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April 9, 2019

April 9, 2019 — Central banks around the world are now giving serious consideration to the pros and cons of making central bank digital currencies available to the general public, says a new study from the C.D. Howe Institute.

In “Central Banks and the Future of Money,” former Deputy Governor of the Bank of Canada John Murray notes this could take the form of a deposit, similar to those that people hold at commercial banks, or a digital token, exchanged using distributed ledger technology and functioning in the economy much like banknotes do today.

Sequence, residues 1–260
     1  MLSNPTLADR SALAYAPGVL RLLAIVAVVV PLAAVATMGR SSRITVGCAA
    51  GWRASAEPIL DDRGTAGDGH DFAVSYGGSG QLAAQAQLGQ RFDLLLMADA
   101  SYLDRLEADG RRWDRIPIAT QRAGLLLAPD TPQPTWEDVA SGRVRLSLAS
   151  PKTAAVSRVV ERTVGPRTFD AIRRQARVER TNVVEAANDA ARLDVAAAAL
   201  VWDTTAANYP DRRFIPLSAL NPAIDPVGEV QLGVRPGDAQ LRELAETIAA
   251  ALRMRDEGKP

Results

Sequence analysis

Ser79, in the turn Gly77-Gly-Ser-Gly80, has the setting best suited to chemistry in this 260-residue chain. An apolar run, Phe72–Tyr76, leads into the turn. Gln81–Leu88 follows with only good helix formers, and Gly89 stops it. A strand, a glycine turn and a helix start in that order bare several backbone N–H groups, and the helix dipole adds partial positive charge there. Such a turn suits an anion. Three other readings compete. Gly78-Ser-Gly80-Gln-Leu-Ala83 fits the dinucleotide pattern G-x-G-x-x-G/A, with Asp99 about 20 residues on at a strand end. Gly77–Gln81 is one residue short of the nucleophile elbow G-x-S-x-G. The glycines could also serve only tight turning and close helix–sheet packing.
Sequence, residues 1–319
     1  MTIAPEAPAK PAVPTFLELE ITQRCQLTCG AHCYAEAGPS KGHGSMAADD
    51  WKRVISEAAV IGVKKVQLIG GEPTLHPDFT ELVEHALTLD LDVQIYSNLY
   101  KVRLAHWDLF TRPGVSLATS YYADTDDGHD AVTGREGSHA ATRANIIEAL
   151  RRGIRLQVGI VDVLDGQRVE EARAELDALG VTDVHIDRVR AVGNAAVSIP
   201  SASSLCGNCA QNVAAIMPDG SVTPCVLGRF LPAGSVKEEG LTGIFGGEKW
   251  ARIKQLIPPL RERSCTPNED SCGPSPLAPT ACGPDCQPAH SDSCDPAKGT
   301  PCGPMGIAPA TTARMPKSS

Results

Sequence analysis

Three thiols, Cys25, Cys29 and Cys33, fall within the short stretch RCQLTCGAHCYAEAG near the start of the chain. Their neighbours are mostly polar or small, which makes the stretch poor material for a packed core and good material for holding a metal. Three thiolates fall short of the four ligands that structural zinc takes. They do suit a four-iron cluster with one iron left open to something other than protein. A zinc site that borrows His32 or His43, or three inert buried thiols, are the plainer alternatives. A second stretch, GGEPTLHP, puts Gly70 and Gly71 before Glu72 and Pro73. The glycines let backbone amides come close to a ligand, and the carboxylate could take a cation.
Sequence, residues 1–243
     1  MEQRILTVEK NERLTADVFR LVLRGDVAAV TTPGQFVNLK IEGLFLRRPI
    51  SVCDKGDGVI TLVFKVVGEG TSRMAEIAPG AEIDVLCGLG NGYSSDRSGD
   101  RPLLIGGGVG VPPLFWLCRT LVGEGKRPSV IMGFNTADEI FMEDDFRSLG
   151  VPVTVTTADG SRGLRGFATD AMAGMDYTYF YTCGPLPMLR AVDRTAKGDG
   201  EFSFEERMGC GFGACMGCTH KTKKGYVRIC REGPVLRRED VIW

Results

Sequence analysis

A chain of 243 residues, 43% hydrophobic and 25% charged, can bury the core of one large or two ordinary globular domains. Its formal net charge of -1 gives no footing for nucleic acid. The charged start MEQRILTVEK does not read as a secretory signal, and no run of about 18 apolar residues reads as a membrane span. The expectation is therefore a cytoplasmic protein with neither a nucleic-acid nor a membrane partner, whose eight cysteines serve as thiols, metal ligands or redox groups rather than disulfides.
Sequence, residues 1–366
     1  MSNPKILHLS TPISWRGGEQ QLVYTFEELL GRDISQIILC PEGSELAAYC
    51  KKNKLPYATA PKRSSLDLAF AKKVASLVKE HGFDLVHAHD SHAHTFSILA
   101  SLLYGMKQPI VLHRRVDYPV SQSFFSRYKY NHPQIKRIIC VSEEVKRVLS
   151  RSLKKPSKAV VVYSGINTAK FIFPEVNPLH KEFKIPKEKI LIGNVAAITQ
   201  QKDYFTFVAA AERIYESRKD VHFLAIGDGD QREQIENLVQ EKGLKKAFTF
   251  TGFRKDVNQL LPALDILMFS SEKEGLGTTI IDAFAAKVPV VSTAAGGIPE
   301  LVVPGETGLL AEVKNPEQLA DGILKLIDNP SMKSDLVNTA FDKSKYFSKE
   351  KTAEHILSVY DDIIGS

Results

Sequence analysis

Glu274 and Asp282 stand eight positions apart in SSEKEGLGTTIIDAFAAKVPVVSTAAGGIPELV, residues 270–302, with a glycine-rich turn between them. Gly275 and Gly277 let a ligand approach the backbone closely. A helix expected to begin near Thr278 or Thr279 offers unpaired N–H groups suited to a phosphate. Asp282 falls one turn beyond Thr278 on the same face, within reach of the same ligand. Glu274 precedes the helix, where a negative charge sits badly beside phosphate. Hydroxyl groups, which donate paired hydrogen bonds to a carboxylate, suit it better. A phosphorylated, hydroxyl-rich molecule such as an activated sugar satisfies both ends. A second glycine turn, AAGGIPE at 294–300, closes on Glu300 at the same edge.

“While they debate the issues at stake, central bankers need to understand that maintaining the status quo is unlikely to be a practicable option, given the shifting financial landscape,” says Murray. “Some countries and central banks have moved beyond talking and have taken active steps to push the initiative further."

John Murray

John Murray held a number of senior positions during his 34-year career at the Bank of Canada, and served as a Deputy Governor from 2008 until his retirement from the Bank in 2014. He holds a BComm from Queen’s University, and an MA and PhD in Economics from Princeton University.